Look at the heavy precip about to roll onto the FL coast.

Link


That's gonna be some serious bit'ness here in a little while.

It's going to get going tonight I think.
Member Since: July 19, 2010 Posts: 0 Comments: 645
327. Jedkins01
9:51 PM GMT on October 07, 2011
PWAT values are now 1.5 to 1.8 over Florida, this is mostly low level moisture with dry above, but deep layer moisture will increase into the weekend eventually leading to a more tropical air mass with moisture levels above 2 inches likely.
Member Since: August 21, 2008 Posts: 0 Comments: 7401
326. TampaSpin
9:51 PM GMT on October 07, 2011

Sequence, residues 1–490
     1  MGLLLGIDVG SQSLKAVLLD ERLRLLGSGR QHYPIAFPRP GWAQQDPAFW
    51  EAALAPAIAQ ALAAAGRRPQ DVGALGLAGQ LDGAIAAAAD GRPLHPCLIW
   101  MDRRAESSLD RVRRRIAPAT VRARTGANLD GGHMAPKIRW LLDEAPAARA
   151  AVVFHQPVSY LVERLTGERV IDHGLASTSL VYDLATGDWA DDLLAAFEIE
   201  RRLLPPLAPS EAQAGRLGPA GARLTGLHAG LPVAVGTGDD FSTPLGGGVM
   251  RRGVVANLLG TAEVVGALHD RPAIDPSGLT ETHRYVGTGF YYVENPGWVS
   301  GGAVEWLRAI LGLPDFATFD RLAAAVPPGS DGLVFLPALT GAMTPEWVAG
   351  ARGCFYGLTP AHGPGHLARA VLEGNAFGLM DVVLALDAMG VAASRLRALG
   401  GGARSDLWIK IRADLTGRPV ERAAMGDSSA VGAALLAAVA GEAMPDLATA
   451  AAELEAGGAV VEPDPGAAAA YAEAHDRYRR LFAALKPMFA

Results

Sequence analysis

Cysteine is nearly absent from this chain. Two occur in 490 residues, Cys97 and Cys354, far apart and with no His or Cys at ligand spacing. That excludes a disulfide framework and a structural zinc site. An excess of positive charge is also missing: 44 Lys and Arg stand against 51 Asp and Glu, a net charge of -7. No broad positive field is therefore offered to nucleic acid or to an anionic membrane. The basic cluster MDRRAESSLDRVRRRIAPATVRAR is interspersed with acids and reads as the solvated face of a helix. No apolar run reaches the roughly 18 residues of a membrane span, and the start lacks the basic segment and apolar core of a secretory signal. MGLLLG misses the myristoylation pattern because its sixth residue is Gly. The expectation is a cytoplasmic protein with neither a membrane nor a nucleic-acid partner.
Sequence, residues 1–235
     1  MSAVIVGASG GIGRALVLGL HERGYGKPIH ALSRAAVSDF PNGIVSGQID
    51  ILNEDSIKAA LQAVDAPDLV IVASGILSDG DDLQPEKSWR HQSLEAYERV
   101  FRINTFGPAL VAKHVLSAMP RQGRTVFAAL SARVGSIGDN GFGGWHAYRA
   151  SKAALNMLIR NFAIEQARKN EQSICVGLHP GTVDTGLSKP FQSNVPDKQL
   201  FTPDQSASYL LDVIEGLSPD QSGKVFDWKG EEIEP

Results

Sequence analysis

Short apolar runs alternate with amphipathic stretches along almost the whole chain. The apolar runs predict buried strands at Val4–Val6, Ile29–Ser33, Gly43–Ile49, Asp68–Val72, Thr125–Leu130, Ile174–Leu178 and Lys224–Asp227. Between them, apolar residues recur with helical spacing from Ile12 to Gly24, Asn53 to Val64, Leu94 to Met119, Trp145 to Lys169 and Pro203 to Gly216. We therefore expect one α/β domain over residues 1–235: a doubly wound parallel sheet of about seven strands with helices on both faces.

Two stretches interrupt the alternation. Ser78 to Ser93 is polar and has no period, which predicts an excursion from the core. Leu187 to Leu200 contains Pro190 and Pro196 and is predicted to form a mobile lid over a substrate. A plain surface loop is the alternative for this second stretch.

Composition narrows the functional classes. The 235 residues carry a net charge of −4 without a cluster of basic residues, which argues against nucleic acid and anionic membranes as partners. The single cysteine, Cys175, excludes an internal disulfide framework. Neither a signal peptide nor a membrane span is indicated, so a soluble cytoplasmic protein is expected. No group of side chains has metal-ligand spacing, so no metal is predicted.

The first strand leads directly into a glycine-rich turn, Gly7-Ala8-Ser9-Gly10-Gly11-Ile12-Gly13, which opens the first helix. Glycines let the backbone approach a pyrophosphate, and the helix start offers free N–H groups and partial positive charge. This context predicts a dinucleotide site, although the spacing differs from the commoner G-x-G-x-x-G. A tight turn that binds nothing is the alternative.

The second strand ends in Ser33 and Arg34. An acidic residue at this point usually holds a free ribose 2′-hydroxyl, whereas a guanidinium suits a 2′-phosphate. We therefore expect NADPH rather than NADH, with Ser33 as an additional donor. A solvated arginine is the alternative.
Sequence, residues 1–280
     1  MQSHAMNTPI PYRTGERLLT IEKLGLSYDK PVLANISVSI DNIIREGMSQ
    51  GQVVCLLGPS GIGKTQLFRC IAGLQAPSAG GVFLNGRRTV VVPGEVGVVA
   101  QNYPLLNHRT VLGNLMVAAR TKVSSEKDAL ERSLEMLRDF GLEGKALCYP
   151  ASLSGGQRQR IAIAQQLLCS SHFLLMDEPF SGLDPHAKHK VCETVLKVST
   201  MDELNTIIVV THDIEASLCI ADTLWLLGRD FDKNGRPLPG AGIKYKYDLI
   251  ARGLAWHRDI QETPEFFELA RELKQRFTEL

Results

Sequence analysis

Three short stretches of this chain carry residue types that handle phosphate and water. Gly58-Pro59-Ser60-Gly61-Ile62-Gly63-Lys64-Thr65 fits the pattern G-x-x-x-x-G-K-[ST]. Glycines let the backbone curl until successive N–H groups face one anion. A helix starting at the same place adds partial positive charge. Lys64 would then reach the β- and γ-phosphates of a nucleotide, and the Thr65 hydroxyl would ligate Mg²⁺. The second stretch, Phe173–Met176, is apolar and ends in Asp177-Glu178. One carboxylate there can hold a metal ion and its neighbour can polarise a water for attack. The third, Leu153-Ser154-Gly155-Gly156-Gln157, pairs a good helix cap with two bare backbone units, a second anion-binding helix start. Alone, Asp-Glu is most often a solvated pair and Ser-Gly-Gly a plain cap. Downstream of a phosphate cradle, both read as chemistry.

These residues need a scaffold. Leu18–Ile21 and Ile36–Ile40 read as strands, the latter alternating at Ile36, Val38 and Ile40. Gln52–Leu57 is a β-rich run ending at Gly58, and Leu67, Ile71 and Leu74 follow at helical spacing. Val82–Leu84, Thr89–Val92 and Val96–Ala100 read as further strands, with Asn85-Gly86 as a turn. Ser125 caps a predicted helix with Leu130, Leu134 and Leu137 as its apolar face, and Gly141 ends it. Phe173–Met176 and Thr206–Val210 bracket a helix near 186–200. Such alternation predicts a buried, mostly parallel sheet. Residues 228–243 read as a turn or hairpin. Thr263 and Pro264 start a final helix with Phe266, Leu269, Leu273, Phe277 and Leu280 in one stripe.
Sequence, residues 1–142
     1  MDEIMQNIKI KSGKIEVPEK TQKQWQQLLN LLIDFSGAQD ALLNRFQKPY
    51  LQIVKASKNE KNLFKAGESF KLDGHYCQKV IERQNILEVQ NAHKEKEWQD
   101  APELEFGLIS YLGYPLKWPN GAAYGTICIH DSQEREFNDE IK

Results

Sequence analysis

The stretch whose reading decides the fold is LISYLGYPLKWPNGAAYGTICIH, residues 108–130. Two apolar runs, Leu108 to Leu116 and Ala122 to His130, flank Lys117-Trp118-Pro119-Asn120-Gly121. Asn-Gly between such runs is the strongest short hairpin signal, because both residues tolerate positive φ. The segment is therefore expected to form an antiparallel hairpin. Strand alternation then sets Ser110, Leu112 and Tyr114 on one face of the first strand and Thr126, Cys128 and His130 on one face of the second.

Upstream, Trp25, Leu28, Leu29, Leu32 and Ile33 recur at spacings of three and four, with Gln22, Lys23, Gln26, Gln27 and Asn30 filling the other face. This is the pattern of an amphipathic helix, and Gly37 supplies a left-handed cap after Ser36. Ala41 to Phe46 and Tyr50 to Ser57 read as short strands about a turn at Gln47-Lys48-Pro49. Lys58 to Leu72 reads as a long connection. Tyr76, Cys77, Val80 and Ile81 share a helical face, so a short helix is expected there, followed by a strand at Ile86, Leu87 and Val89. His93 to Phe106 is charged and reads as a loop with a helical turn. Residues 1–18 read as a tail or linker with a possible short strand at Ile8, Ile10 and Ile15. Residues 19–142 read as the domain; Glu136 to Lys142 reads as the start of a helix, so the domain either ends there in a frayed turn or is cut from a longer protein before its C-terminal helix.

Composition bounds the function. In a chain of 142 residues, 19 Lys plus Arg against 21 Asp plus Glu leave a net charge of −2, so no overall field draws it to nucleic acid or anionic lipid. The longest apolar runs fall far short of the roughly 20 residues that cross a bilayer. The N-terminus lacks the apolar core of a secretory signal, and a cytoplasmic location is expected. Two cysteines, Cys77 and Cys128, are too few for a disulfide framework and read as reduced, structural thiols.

Too bad the blog does not register to show the Minus - times one is graded ......LOL.........JUST SAYN
Member Since: September 2, 2007 Posts: 178 Comments: 20439
325. afj3
9:51 PM GMT on October 07, 2011
Greetings all! I haven't been in here in ages (also notice some regulars have vanished). But anyway, what is that blob in the SE Caribbean? Anything to be worried about?
Member Since: June 10, 2008 Posts: 0 Comments: 347
324. will40
9:49 PM GMT on October 07, 2011
the models are no good on a system that isnt even there. Main reason is they need a point of initiation which isnt there yet
Member Since: September 19, 2005 Posts: 2 Comments: 4146
323. ecflweatherfan
9:46 PM GMT on October 07, 2011
Quoting Xyrus2000:


[citation needed]

There is not a single reputable climate scientist that makes any such claim, let alone having it occur within "a few years".